As of Jan. 20, working gas in storage was 2,798 Bcf, according to U.S. Energy Information Administration estimates. Stocks were 348 Bcf below year-ago levels and and 20 Bcf below the five-year average of 2,818 Bcf.

Last March, gas inventories exited the traditional withdrawal season at a record high 2,478 Bcf, 868 Bcf (54%) higher than the five-year (2011-2015) end-of-March average, and higher than the previous end-of-March high set in 2012.

But analysts are confident this year won’t be a repeat of last year. “Even with the temperatures we’re having, demand and withdrawals have been stronger than normal,” said RBN Energy’s Sheetal Nasta, fundamental energy analyst. “That implies that if we get even normal demand, we’ll be tighter.”

In terms of the supply/demand balance, production is running around 2 Bcf/d below last year, while demand (not including exports) is running around 1 Bcf/d below last year, Nasta said. “When you throw in exports, the balance will be even tighter year on year,” she said.

RBN is currently projecting end-of-winter storage inventories to be around 1.6 Tcf, around 900 Bcf/d lower than the same time last year.

Wood Mackenzie’s Gabriel Harris agreed that storage inventories continue to dwindle in spite of this winter’s mild weather and higher prices as power plant demand has been surprisingly strong. For example, power burn amounted to around 16 Bcf/d during periods of mild weather, but shot up to around 30 Bcf/d when temperatures plummeted.

This occurred even as coal generation increased in regions covered by the Midwest Independent System Operator, New England ISO and Southwest Power Pool, Harris said. In those footprints, demand from coal was more than double what it was in December 2015. Henry Hub spot prices averaged $3.58 in December 2016, compared to $1.92 in December 2015, NGI historical data shows.

“We’ve had high stockpiles of coal the past year, but inventories are declining, and this should help coal and natural gas prices support each other more this injection season,” Harris said.

But even if power burn disappoints the market during the shoulder season, Harris said other structural factors should keep the pressure on storage and gas prices in 2017. For one, liquefied natural gas (LNG) exports at Cheniere’s Sabine Pass Terminal have ramped up quickly, with Trains 1 and 2 in operation and Trains 3 and 4 under construction and expected to be in service in the first half of 2017 and second half of 2017, respectively.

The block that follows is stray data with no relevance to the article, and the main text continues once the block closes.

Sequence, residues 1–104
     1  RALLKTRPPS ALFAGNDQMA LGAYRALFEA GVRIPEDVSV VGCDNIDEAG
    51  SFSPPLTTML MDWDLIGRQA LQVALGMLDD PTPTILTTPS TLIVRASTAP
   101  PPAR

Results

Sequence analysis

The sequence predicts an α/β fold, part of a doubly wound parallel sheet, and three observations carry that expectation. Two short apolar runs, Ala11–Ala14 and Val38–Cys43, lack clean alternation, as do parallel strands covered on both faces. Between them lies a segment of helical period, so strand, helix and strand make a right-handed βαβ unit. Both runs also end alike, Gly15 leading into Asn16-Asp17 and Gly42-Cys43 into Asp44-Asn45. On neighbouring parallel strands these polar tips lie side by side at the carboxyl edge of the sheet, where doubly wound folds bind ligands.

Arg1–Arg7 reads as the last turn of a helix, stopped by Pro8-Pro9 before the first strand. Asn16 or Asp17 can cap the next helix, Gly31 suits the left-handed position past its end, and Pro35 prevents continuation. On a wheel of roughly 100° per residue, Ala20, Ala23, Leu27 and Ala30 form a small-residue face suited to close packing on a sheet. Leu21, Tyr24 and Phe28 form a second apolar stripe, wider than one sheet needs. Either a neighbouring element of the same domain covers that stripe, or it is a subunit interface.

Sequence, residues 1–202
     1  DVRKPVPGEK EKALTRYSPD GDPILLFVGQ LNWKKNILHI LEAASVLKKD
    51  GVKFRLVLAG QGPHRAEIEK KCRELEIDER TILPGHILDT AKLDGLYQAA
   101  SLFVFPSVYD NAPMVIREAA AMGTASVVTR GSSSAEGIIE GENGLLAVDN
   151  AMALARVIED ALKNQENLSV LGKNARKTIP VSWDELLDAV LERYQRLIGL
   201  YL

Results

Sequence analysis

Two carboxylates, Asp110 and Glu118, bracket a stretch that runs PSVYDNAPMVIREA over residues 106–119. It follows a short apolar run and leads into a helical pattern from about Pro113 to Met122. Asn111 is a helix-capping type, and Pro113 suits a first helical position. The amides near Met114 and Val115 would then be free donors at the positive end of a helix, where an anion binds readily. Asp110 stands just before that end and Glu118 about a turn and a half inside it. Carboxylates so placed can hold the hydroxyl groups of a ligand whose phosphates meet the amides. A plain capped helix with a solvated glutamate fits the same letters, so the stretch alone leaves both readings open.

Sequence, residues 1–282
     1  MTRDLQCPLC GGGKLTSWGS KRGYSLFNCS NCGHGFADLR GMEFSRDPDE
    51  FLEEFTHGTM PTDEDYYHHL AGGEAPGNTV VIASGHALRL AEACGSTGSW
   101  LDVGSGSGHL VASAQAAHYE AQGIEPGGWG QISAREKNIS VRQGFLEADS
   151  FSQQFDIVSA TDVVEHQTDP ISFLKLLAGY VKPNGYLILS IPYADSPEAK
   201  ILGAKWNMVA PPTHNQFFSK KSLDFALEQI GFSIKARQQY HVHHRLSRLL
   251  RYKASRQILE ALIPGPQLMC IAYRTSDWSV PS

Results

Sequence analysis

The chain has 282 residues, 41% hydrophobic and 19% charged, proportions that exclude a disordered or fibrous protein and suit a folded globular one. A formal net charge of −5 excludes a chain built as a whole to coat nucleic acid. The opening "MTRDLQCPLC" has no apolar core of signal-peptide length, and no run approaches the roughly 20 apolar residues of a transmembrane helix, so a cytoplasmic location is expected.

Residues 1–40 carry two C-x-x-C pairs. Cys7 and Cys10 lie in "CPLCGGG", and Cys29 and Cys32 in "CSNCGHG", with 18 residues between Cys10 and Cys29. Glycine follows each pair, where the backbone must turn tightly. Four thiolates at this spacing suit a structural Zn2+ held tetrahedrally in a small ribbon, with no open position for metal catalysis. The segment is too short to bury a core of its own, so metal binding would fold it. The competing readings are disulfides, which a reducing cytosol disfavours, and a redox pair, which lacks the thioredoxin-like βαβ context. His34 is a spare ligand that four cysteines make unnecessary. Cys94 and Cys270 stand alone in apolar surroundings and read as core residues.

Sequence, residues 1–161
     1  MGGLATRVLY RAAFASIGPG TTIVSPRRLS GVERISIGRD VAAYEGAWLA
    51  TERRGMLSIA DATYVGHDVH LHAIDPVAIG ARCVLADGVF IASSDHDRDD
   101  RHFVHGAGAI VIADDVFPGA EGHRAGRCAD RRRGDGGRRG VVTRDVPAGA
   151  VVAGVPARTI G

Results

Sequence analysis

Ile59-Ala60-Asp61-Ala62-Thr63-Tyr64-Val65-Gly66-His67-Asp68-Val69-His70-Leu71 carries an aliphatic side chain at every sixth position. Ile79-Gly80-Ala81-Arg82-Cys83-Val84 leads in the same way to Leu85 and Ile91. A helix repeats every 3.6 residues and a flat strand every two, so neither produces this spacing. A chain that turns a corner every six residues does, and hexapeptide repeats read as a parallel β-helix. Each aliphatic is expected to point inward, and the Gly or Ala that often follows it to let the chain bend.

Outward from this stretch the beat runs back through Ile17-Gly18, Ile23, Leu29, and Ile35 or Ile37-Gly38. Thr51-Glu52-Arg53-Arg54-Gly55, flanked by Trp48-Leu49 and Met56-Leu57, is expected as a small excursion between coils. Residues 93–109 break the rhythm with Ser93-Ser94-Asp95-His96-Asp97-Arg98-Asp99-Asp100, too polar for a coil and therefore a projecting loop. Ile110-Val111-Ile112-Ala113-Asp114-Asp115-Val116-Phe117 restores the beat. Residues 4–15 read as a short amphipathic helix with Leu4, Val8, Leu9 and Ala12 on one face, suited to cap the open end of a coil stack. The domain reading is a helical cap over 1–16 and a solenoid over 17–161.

The Sabine Pass site can readily accommodate up to six liquefaction trains capable of processing more than 3.5 Bcf/d of natural gas. The production capacity of each LNG train is being designed for about 4.5 mtpa, according to Cheniere’s website.

Meanwhile, all regulatory approvals have been received to construct and operate Train 6, and a final investment decision is expected to be reached upon obtaining commercial contracts and financing sufficient to support construction, the company said.

In addition to increasing LNG exports, Mexican exports are also growing. U.S. pipeline exports of natural gas have doubled since 2009, with almost all of this growth attributable to increasing exports to Mexico, which have accounted for more than half of all U.S. natural gas exports since April 2015, according to the EIA.

In August 2016, when gas demand was high south of the border, the United States exported 4.2 Bcf/d o Mexico via pipelines, the EIA said. At the time, U.S. daily pipeline exports to Mexico tracked at a yearly average of 3.6 Bcf/d, 25% above the year-ago level and 85% above the five-year (2011–2015) average level. Interestingly, the amount of gas exported in August 2016 matched the level originally forecast in 2013 to be reached in 2018.

And Mexican exports are set to continue growing. On Jan. 27, the Federal Energy Regulatory Commission granted in-service authorization to the Comanche Trail San Elizario Crossing export-to-Mexico project.